Vol. 563
In section 10. Planets and planetary systems

Warm formaldehyde in the Ophiuchus IRS 48 transitional disk

by N. van der Marel, E.F. van Dishoeck, S. Bruderer, T.A. van Kempen, A&A 563, A113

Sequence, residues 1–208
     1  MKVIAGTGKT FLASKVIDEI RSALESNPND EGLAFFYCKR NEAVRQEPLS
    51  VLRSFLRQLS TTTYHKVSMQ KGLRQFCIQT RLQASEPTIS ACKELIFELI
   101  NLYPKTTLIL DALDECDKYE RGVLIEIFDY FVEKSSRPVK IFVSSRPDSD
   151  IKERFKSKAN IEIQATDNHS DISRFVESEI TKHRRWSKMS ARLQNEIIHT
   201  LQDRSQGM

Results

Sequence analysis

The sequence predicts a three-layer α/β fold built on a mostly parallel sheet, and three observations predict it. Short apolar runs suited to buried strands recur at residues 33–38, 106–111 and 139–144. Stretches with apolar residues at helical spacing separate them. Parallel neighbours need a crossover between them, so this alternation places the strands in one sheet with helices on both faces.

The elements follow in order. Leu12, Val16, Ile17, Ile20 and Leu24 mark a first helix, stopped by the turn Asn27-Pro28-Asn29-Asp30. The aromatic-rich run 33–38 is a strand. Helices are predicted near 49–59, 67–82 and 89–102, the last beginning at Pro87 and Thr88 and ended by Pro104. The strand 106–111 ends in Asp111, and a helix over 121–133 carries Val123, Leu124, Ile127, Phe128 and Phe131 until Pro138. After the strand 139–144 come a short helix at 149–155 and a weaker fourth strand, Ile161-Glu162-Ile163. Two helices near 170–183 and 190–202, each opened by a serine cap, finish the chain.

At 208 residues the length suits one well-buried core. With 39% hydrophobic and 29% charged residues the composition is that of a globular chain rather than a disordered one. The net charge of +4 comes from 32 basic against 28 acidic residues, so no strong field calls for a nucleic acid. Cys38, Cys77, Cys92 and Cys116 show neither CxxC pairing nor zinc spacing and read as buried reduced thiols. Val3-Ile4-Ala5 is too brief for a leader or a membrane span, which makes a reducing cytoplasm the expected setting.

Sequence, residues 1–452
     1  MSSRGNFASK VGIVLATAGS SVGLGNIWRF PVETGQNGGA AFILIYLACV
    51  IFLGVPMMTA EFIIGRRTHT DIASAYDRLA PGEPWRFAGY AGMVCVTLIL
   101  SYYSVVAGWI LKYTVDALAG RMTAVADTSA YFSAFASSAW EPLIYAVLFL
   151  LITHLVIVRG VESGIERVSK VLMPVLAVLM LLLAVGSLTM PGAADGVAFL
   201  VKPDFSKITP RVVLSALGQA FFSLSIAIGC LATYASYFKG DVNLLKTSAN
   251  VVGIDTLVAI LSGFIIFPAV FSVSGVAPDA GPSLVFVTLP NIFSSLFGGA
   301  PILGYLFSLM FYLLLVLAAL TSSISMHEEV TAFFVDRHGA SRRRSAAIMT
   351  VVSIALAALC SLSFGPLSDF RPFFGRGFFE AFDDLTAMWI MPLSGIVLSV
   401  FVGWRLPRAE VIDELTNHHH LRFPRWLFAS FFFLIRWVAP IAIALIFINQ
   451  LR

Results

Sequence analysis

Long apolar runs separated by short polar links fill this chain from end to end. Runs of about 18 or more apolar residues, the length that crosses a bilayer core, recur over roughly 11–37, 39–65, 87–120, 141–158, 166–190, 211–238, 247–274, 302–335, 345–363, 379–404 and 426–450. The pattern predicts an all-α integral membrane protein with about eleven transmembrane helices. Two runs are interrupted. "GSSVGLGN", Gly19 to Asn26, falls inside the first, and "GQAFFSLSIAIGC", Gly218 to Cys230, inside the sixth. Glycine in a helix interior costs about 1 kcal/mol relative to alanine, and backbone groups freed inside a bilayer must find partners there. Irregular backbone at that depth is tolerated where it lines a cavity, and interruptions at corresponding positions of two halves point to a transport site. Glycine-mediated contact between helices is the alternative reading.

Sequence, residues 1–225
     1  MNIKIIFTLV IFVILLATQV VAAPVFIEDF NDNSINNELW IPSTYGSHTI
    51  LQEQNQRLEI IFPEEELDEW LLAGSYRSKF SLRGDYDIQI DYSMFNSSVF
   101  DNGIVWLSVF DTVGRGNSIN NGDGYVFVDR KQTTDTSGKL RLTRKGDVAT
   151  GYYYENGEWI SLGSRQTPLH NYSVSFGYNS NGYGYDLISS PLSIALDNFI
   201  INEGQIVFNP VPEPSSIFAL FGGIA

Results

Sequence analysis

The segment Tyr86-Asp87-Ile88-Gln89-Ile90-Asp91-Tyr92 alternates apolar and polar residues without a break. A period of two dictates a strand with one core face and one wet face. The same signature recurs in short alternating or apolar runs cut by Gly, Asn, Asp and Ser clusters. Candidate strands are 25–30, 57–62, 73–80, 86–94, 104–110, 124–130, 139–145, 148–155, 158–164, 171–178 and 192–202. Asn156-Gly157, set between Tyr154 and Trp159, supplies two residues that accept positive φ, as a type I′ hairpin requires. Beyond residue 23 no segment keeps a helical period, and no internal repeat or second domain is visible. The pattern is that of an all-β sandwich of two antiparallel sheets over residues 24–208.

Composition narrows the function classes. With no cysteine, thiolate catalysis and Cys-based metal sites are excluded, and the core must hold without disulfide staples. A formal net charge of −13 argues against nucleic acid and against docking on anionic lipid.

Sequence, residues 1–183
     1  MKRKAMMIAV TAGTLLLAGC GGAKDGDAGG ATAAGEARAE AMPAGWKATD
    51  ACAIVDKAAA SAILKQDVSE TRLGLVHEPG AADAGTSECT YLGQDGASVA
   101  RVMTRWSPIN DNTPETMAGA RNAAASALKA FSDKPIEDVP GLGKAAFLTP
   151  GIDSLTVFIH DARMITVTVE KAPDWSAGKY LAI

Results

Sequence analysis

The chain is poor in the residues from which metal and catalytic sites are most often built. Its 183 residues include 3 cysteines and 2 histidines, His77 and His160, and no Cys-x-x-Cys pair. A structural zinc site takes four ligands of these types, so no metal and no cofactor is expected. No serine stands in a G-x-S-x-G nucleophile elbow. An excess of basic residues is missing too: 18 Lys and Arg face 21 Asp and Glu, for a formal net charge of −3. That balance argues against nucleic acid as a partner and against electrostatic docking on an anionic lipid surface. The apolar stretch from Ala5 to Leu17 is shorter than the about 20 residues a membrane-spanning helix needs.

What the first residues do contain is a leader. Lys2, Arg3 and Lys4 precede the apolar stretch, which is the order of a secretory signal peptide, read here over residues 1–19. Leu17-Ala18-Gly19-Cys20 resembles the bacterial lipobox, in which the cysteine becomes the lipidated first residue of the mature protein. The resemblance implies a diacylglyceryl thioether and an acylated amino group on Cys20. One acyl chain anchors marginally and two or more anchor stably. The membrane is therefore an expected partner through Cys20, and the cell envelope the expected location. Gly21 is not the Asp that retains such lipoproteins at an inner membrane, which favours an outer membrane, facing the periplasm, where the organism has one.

So-called transitional disks with a hole in the dust distribution around the central star are a hot topic in the study of young pre-main-sequence stars. One of the fascinating results obtained with ALMA has been the discovery that the dust distribution of the disk surrounding the YSO Oph 48 is asymmetric, with an arc of emission to the south of the central star. It is hypothesised that this is caused by a sub-stellar companion or planet at a distance of 20 AU from the central star. The article by Van der Marel et al. highlighted in this issue shows that there also is an arc of molecular line emission (caused by formaldehyde in this case) slightly closer to the star than the continuum emission. The kinematics and spatial distribution are consistent with a ring of 60 AU radius, and the formaldehyde abundance of 10-8 relative to hydrogen suggests rapid ongoing chemical evolution